There’s an abundance of wild food to be found out there in the natural world. And while it might seem scary at first, foraging is an incredibly rewarding and sustainable way to eat when you know what you’re looking for. By starting small and only searching for easily identifiable produce, feeding off the land can add an exciting and fulfilling element to any time spent outside.
To help you get started, we’ve compiled this quick introduction to all things foraging: how to do it, where to look, and what to search for when you’re out there. Fresh fruit, wild foliage and forest-floor fungi all await you.
You don’t have to base entire meals on foraged food. The natural world is packed with edible plants and fruits that make for excellent accompaniments to all kinds of dishes, so why not start by simply adding to your existing recipes. Take redwood sorrel (Oxalis oregana) for example: it’s a low-growing evergreen perennial that’s found in moist Douglas-fir and coastal redwood forests across western North America. Its clover-like leaves have a tangy, lemony flavor, and go great with salads. Treat more as a garnish than salad leaf however, as its oxalic acid content can disrupt digestion in large amounts.
A great way to enjoy the benefits of foraging is with a brew—and your options are vast. For a refreshing trail-side tea, pick a couple of young birch (Betula) twigs and leaves, place in your mug, then pour over hot water and allow to steep for 2-3 minutes. Birch also contains anti-inflammatory compounds, so a birch branch brew once you’ve set up camp is the perfect way to ease those aching legs on a multi-day hike. Other wild brew ingredients include pine (Pinus) needles which are rich in vitamin C; staghorn sumac (Rhus typhina) seed heads from which ‘sumac-ade’ can be made; and stinging nettle (Urtica dioica). Brew all of the above using the same method as birch branch brew.
The foundations of foraging are often medicinal—with many edible plants possessing a number of properties beneficial to health, too. Yarrow (Achillea millefolium) is found throughout the northern hemisphere, and can be identified by its small feathery foliage and little white flowers. Thanks to its ability to clot blood, it has been used for centuries in the treatment of wounds, and is well worth memorizing for use in emergencies when you’re out in the wild. Yarrow leaves also make an excellent addition to salads.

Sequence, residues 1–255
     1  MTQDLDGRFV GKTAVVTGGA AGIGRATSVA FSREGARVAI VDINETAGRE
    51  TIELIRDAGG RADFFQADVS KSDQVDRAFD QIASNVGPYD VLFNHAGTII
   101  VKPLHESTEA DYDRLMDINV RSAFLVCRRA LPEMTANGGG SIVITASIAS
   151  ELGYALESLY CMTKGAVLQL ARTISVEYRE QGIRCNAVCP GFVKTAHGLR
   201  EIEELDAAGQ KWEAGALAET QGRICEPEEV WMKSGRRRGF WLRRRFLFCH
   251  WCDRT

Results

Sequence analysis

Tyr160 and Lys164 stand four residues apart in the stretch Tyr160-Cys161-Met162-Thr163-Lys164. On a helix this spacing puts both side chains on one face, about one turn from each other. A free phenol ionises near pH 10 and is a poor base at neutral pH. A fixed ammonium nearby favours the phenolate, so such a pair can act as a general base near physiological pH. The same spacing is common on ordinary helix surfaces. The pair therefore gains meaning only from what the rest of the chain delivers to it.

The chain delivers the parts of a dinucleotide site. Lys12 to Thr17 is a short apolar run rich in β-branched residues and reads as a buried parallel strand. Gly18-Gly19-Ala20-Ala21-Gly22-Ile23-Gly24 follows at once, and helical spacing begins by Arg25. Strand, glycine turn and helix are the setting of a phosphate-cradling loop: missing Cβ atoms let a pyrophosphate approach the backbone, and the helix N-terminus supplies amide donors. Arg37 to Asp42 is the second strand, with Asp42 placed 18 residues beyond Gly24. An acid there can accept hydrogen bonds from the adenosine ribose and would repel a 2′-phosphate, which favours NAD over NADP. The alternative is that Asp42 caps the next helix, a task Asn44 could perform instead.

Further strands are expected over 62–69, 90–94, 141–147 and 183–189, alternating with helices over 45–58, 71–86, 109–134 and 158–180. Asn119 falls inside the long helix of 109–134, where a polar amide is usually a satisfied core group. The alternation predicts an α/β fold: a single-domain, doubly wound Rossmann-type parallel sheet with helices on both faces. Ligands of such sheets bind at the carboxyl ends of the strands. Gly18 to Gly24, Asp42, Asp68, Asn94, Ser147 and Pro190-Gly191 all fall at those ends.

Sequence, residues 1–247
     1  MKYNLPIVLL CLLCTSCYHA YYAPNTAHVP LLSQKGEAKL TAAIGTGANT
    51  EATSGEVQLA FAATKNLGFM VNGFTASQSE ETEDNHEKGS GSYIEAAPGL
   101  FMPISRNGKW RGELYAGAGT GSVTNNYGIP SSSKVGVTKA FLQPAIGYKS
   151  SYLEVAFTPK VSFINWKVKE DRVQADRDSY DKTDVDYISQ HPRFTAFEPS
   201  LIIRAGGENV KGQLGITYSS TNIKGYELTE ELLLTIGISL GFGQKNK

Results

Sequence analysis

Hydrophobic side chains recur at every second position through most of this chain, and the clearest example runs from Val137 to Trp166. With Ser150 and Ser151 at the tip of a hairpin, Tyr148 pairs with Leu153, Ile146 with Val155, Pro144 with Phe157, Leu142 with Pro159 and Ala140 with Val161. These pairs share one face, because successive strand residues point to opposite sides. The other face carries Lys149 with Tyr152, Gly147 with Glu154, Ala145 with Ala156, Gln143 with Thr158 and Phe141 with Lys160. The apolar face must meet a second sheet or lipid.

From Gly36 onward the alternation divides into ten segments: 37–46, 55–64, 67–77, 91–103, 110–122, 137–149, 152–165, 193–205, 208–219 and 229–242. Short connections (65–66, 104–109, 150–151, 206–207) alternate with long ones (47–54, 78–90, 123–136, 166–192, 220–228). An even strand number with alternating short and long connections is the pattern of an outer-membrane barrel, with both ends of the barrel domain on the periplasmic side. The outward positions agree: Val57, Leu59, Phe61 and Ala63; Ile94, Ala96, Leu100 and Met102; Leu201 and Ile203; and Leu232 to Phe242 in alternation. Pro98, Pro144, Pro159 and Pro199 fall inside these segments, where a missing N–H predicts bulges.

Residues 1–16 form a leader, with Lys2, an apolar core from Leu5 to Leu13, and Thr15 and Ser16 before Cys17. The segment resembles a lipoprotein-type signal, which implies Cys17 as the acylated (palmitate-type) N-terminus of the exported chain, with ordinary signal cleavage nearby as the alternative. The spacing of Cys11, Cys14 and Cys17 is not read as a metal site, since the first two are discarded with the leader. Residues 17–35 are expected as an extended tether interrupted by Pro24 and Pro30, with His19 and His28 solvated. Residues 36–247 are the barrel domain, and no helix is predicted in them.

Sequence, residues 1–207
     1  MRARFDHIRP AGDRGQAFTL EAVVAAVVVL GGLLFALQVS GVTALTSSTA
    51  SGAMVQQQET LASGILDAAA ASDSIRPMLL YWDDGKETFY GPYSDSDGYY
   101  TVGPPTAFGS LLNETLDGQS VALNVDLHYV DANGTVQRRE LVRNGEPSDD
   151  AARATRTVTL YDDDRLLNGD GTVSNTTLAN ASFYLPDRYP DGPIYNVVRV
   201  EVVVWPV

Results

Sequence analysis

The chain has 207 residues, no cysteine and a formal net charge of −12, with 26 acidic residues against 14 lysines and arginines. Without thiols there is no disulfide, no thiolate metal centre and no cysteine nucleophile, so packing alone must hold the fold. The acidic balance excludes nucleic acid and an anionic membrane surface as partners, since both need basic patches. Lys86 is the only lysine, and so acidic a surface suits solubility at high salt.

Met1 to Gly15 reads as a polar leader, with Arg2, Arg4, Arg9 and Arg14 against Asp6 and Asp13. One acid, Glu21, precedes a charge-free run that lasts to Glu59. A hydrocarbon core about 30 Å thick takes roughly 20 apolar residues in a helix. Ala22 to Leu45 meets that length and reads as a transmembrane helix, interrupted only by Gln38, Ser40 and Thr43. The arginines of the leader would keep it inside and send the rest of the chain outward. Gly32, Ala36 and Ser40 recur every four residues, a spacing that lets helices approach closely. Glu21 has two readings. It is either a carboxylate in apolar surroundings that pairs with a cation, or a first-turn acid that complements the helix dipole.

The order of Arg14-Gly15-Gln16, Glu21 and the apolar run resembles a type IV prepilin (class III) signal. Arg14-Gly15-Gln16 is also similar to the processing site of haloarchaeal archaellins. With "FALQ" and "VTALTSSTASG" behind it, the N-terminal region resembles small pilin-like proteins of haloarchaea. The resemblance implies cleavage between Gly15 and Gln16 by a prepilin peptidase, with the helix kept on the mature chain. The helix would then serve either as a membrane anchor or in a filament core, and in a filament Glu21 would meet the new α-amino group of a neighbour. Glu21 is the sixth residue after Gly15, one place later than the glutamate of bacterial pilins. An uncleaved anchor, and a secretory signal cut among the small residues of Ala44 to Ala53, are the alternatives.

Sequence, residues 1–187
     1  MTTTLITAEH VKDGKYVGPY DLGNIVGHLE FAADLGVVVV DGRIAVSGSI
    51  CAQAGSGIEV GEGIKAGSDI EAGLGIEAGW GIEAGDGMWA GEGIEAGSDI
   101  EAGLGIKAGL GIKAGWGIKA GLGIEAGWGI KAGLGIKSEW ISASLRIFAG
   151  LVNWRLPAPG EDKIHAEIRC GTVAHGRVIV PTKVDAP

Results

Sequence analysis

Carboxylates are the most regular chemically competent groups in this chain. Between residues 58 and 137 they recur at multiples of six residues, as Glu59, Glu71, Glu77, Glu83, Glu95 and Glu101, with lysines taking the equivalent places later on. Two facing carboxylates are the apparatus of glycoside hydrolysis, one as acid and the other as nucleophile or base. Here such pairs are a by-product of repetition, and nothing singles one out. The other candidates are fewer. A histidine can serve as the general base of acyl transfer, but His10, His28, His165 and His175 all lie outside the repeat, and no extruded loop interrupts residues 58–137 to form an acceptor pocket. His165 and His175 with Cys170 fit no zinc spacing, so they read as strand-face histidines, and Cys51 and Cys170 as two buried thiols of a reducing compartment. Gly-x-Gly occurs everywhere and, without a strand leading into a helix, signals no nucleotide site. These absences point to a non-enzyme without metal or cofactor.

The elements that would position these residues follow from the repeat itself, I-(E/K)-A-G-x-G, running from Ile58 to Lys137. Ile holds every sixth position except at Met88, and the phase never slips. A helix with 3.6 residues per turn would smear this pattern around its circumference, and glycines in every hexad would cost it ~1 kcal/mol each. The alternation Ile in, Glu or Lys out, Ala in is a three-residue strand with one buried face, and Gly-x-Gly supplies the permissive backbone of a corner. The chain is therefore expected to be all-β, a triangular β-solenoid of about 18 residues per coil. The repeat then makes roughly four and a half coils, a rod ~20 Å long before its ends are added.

A wealth of information exists for anyone looking to get into foraging—so take advantage of it. Falling Fruit is a global database of free-to-pick produce, all handily displayed on a map. And with almost one million entries for North America alone, there’s no excuse not to get out there and search. Your local library is also well worth a visit. Check out a couple of foraging books, then pack them in your bag next time you head outside. Before picking things to eat, get used to the practice of identification—pulling out your books to cross-reference anything you recognize that might be edible.
While foraged food is free and often abundant, it’s important to remember that wild edibles are a precious resource, and one that needs careful protection if they are to remain available for future generations. Only pick what you intend to eat, and never completely clear a patch of its produce. If you’re planning on foraging in a National Park, check the permissions online first. Out of the 59 parks in America, 13 ban all foraging, while many others have specific rules and restrictions in place. Visit nps.gov , select a location, and click on “learn about the park.” From there you can access the specific laws and policies for a particular park.
Foraging is an activity best enjoyed with others. You’ll find a wider variety of produce when picking in a group, and you can share in each other’s successes. But most importantly of all, you can share knowledge. Foraging can be dangerous if you don’t correctly identify what you pick—especially if you’re picking mushrooms—so consider joining a local club to make sure you’re picking safely. The North American Mycological Association lists all their affiliated mushroom clubs here.